Little Timmy was struggling with his math schoolwork, to the point that his parents had enlisted tutors and taken other extreme measures. Their final decision was to enroll him in a Catholic school to see if greater discipline might help the situation.
Timmy came home from school the first day vowing to redouble his efforts in math from now on. When his parents asked him what happened at school to change his attitude, he told them that after seeing that guy nailed to the plus sign at the school, he knew that he needed to take math more seriously.
While this could actually turn into a reflection on sending your child to a religious school with absolutely no background on the basics of Christianity, instead it provides a helpful starting point for my own inner wrestling with how we have discussions with our children (at different ages and stages in their faith development) about the death of Jesus.
Jesus’ death on the cross, while probably part of our children’s religious consciousness (unlike little Timmy’s), is actually pretty disconnected from their experiences in the world. If we consider Jesus’ crucifixion to be at its most historic an act of capital punishment, it almost seems strange that we give our children multiple books, including the Bible, that in one way or another recount his death. Looking through the “religious” section on my son’s book shelves, I easily found at least five picture books that depicted Jesus’ crucifixion.
Why Jesus died is a very reasonable question for children to ask, and one that I have found they especially like to save to ask their parents in some of the most intimate of moments.
I know that when my son first asked me why Jesus died, I answered very simply, telling him that he died because he loves us. That seemed like a pretty reasonable answer, but one that I knew would not be enough forever.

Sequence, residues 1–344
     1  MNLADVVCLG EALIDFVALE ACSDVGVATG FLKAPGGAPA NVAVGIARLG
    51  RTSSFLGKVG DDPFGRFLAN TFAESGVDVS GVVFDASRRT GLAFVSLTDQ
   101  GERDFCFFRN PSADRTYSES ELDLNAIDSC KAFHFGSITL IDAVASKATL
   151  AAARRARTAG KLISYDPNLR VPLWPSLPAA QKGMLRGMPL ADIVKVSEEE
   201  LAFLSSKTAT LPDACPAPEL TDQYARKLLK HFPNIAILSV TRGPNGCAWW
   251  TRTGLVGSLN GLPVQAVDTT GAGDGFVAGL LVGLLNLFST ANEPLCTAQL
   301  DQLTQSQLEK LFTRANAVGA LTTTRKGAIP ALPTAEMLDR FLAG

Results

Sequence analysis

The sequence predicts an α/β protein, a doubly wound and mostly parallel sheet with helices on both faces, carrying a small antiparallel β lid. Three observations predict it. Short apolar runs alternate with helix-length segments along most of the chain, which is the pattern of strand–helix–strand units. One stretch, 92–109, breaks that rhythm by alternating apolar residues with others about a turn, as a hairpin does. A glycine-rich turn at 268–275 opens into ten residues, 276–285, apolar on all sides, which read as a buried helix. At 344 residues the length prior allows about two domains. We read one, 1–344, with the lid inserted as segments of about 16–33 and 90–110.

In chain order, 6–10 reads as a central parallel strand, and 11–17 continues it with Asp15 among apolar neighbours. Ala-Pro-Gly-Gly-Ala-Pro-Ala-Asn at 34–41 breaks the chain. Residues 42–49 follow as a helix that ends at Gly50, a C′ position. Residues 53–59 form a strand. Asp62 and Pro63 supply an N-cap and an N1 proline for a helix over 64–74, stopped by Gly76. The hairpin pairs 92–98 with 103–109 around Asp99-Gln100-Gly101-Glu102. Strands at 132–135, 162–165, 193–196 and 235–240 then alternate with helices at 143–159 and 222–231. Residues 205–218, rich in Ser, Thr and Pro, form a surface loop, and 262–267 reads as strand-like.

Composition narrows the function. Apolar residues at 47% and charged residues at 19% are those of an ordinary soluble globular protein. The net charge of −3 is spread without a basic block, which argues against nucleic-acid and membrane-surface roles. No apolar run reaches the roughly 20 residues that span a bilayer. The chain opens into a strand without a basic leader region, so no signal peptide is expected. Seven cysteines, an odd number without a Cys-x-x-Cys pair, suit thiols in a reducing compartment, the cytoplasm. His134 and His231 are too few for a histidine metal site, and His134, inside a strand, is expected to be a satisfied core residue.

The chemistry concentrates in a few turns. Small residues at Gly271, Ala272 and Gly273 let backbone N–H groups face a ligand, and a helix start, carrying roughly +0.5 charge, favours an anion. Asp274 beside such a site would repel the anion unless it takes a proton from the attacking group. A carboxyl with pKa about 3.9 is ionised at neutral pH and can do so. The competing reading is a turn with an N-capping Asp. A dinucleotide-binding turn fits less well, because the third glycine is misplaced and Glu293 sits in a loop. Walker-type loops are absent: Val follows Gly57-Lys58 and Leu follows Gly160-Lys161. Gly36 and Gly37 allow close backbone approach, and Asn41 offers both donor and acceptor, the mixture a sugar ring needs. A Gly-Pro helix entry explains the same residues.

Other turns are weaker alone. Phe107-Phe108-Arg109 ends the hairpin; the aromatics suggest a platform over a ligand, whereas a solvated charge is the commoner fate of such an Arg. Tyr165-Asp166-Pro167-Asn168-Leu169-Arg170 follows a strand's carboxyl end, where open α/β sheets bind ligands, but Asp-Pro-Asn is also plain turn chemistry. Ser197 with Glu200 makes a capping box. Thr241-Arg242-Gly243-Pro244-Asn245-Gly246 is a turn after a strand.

My son is now eight years old, and it has been a few years since he first asked me about Jesus’ death. I asked him this evening if he could tell me why Jesus died. He told me that Jesus died because people thought he was lying about God. People didn’t like the things he was saying, and they thought he was lying about being God’s son.
I asked him what it means to us that Jesus died on the cross, and he told me that it means that Jesus saved us. Then he turned and looked at me and said - how? Saved us from what?
This is when the questions are not so easily answered. My son’s simple question, “How” has been answered in so many different ways over so many hundreds of years that it overwhelms even me to think about the very best way to try to describe it to him. So instead I sent him to bed so I could collect my thoughts.
I could tell him that because of our sinfulness as human beings, we needed someone like Jesus to come and atone for our sins. But what does an eight year old really know of sin?
I could tell him that as human beings we are separated from God and need a way to bridge that gap and reconcile us to God. But as a child he feels very much connected to God. Do I really tell him that in fact there is a chasm of separation between him and God no matter how close God might feel to him?
I could tell him that as sinful human beings God was obligated to punish us, but that Jesus took our place and took our punishment on our behalf (the punishment that scared little Timmy into math submission). But how does that connect to a God that we have described to him as loving and forgiving?